Table 1: Descriptive characteristics of measured parameters of the different tribes.
|Variable (Right)||Sex||N||Mean±S.D||t-value||P-value||Variable (Left)||Sex||N||Mean±S.D||t-value||P-value|
Table 2: Sex differences in right (R) and left (L) toe-length ratios.
SPSS version 23 (IBM®Armonk, New York, USA) and Minitab V17 (Minitab® Inc. State College, Pennsylvania) were the statistical packages used in analyzing the obtained data. Student t-test was used to compare sex differences. Correlation, univariate and linear generalized regression analyses were used to determine the predictability of stature using toe lengths [1T-5T] and toe-length ratios 1T:2T, 1T:3T, 1T:4T, 1T:5T, 2T:3T, 2T:4T, 2T:5T, 3T:4T, 3T:5T and 4T:5T respectively. Confidence level was set at 95%, as P-values ≤0.05 were considered significant.
The univariate regression model for the estimation of the stature for Hausa, Igbo and Yoruba populations showed that all variables (toe lengths) signficantly predicted the male and female stature (P< 0.01). However, the correlation of stature and toe lengths were positive and between low to average (R-sq=4.53-35.30) with the best predictor of stature in all the three ethnic groups was L1T with R-sq=23.15 for the males and L1T with R-sq=35.30 for the females. The Igbos had the best prediction for stature and the females better than the males for the three ethnic groups (Tables 3-5).
|Variables||MALE STATURE PREDICTION (in m)||FEMALE STATURE PREDICTION (in m)|
|R.1T(mm)||1.195 + 0.0102 R1T||27.6||<0.01||1.195 + 0.0102 R1T||27.6||<0.01|
|R.2T(mm)||1.354 + 0.0089 R2T||31.42||<0.01||1.354 + 0.0089 R2T||31.42||<0.01|
|R.3T(mm)||1.367+ 0.0108 R3T||27.6||<0.01||1.367+ 0.0108 R3T||27.6||<0.01|
|R.4T(mm)||1.400 + 0.0109 R4T||25.94||<0.01||1.400 + 0.0109 R4T||25.94||<0.01|
|R.5T(mm)||1.378 + 0.0135 R5T||27.4||<0.01||1.378 + 0.0135 R5T||27.4||<0.01|
|L.1T(mm)||1.175 + 0.0109 L1T||25.54||<0.01||1.175 + 0.0109 L1T||25.54||<0.01|
|L.2T(mm)||1.385 + 0.0080 L2T||26.51||<0.01||1.385 + 0.0080 L2T||26.51||<0.01|
|L.3T(mm)||1.362 + 0.0108 L3T||29.82||<0.01||1.362 + 0.0108 L3T||29.82||<0.01|
|L.4T(mm)||1.401 + 0.0109 L4T||24.06||<0.01||1.401 + 0.0109 L4T||24.06||<0.01|
|L.5T(mm)||1.370 + 0.0142 L5T||25.97||<0.01||1.370 + 0.0142 L5T||25.97||<0.01|
Table 3: Prediction model for stature for the Hausa tribe (with regression equations).
|Variables||MALE STATURE PREDICTION (in m)||FEMALE STATURE PREDICTION (in m)|
|R.1T(mm)||1.259 + 0.0091 R1T||22.61||<0.01||1.109 + 0.0115 R1T||33.99||<0.01|
|R.2T(mm)||1.452 + 0.0071 R2T||18.08||<0.01||1.345 + 0.0090 R2T||25.68||<0.01|
|R.3T(mm)||1.502 + 0.0069 R3T||16.19||<0.01||1.386 + 0.0096 R3T||25.59||<0.01|
|R.4T(mm)||1.501 + 0.0083 R4T||14.81||<0.01||1.404 + 0.0106 R4T||21.1||<0.01|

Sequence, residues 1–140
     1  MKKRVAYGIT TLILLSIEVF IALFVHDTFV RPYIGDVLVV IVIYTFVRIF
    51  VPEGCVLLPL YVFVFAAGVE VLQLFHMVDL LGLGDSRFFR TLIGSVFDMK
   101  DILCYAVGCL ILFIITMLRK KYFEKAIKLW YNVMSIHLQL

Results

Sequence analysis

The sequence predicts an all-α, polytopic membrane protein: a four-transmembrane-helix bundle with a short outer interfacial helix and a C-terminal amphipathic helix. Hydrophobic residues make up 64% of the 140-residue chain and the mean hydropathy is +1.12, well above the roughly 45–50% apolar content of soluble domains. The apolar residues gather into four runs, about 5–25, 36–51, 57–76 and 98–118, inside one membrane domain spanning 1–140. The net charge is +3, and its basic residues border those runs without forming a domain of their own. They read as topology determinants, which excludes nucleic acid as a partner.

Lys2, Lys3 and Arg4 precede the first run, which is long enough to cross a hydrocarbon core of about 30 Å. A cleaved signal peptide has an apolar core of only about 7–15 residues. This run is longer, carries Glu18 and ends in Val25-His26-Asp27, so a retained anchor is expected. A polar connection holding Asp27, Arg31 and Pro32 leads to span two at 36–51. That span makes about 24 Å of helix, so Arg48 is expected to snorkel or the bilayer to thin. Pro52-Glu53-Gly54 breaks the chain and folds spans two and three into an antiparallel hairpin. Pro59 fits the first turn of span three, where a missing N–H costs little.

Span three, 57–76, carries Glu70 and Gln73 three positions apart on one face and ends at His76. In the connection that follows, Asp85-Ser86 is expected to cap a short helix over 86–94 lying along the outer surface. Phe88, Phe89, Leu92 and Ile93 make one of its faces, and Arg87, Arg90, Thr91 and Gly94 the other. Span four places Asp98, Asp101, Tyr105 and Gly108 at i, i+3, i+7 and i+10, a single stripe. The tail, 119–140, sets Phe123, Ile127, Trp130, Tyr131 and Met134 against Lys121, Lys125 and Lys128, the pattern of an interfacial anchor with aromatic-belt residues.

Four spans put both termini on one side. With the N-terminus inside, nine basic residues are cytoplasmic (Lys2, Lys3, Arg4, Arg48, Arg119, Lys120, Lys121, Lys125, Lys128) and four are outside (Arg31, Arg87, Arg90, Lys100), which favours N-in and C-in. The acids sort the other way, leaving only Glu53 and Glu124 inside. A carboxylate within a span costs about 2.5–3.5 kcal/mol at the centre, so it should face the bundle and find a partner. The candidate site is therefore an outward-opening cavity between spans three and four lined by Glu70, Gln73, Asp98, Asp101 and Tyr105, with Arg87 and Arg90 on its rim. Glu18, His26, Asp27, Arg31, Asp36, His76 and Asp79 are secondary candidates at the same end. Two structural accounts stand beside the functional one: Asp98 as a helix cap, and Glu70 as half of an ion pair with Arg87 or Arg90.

|R.5T(mm)||1.441 + 0.0122 R5T||17.84||<0.01||1.346 + 0.0150 R5T||26.36||<0.01|
|L.1T(mm)||1.246 + 0.0095 L1T||23.15||<0.01||1.095 + 0.0119 L1T||35.3||<0.01|
|L.2T(mm)||1.457 + 0.0069 L2T||17.6||<0.01||1.349 + 0.0089 L2T||25.82||<0.01|
|L.3T(mm)||1.521 + 0.0062 L3T||12.84||<0.01||1.393 + 0.0092 L3T||24.03||<0.01|
|L.4T(mm)||1.518 + 0.0075 L4T||12.22||<0.01||1.397 + 0.0107 L4T||22.03||<0.01|
|L.5T(mm)||1.488 + 0.010 L5T||14.44||<0.01||1.355 + 0.0145 L5T||26.82||<0.01|
Table 4: Prediction model for stature for the Igbo tribe (with regression equations).
|Variables||MALE STATURE PREDICTION (in m)||FEMALE STATURE PREDICTION (in m)|
|R.1T(mm)||1.450 + 0.0056 R1T||11.39||<0.01||1.136 + 0.0115 R1T||32.98||<0.01|
|R.2T(mm)||1.549 + 0.0047 R2T||12.3||<0.01||1.348 + 0.0091 R2T||29.46||<0.01|
|R.3T(mm)||1.590 + 0.0043 R3T||7.54||<0.01||1.393 + 0.0094 R3T||22.75||<0.01|
|R.4T(mm)||1.618 + 0.0040 R4T||5.39||<0.01||1.432 + 0.0093 R4T||17.43||<0.01|
|R.5T(mm)||1.614 + 0.0047 R5T||4.53||<0.01||1.349 + 0.0149 R5T||24.79||<0.01|
|L.1T(mm)||1.460 + 0.0056 L1T||10.82||<0.01||1.112 + 0.0123 L1T||31.49||<0.01|
|L.2T(mm)||1.564 + 0.0044 L2T||10.01||<0.01||1.361 + 0.0088 L2T||26.43||<0.01|
|L.3T(mm)||1.588 + 0.0044 L3T||7.31||<0.01||1.396 + 0.0094 L3T||22.6||<0.01|
|L.4T(mm)||1.617 + 0.0043 L4T||5.41||<0.01||1.420 + 0.0099 L4T||18.21||<0.01|
|L.5T(mm)||1.531 + 0.0087 L5T||10.97||<0.01||1.328 + 0.0163 L5T||25.41||<0.01|
Table 5: Prediction model for stature for the Yoruba tribe (with regression equations).
Table 6 represents the correlation (with regression model); the estimation of stature of the Nigerian population using ten (10) Toelength ratios of both feet. For males, on the right foot (R), significant (negative) correlation was observed between Stature and R1T:2T (R-sq=2.21; P< 0.01), R1T:3T (R-sq=1.80; P< 0.01), and R1T:4T (Rsq= 0.76; P=0.014) while positive significant correlation was observed for R2T:5T (R-sq=0.17; P=0.002), R3T:5T (R-sq=1.50; P=0.001), and R4T:5T (R-sq=0.52; P=0.042).
|Variables||MALE STATURE (in m)||FEMALE STATURE (in m)|
|R1T:2T||2.21||1.812 - 0.075 R1T:2T||< 0.01||S||2.2||1.687 - 0.059 R1T:2T||< 0.01||S|
|R1T:3T||1.8||1.792 - 0.048 R1T:3T||< 0.01||S||0.79||1.650 - 0.027 R1T:3T||0.013||S|
|R1T:4T||0.76||1.764 - 0.027 R1T:4T||0.014||S||0.13||No Prediction||0.318||NS|
|R1T:5T||0.04||No Prediction||0.581||NS||0||No Prediction||0.897||NS|
|R2T:3T||0.01||No Prediction||0.827||NS||0.29||No Prediction||0.132||NS|
|R2T:4T||0.19||No Prediction||0.227||NS||0.61||1.571 + 0.023 R2T:4T||0.029||S|
|R2T:5T||0.17||1.656 + 0.035 R2T:5T||0.002||S||1.01||1.568 + 0.021 R2T:5T||0.005||S|
|R3T:4T||0.37||No Prediction||0.088||NS||0.32||No Prediction||0.112||NS|
|R3T:5T||1.5||1.644 + 0.052 R3T:5T||0.001||S||0.6||1.573 + 0.023 R3T:5T||0.029||S|
|R4T:5T||0.52||1.665 + 0.042 R4T:5T||0.042||S||0.21||No Prediction||0.204||NS|
|L1T:2T||1.89||1.796 - 0.063 L1T:2T||<0.01||S||0.6||1.647 - 0.030 L1T:2T||0.03||S|
|L1T:3T||0.92||1.766 - 0.033 L1T:3T||0.007||S||0.83||1.649 - 0.026 L1T:3T||0.01||S|
|L1T:4T||0.24||No Prediction||0.165||NS||0||No Prediction||0.908||NS|
|L1T:5T||0.04||No Prediction||0.595||NS||0.04||No Prediction||0.584||NS|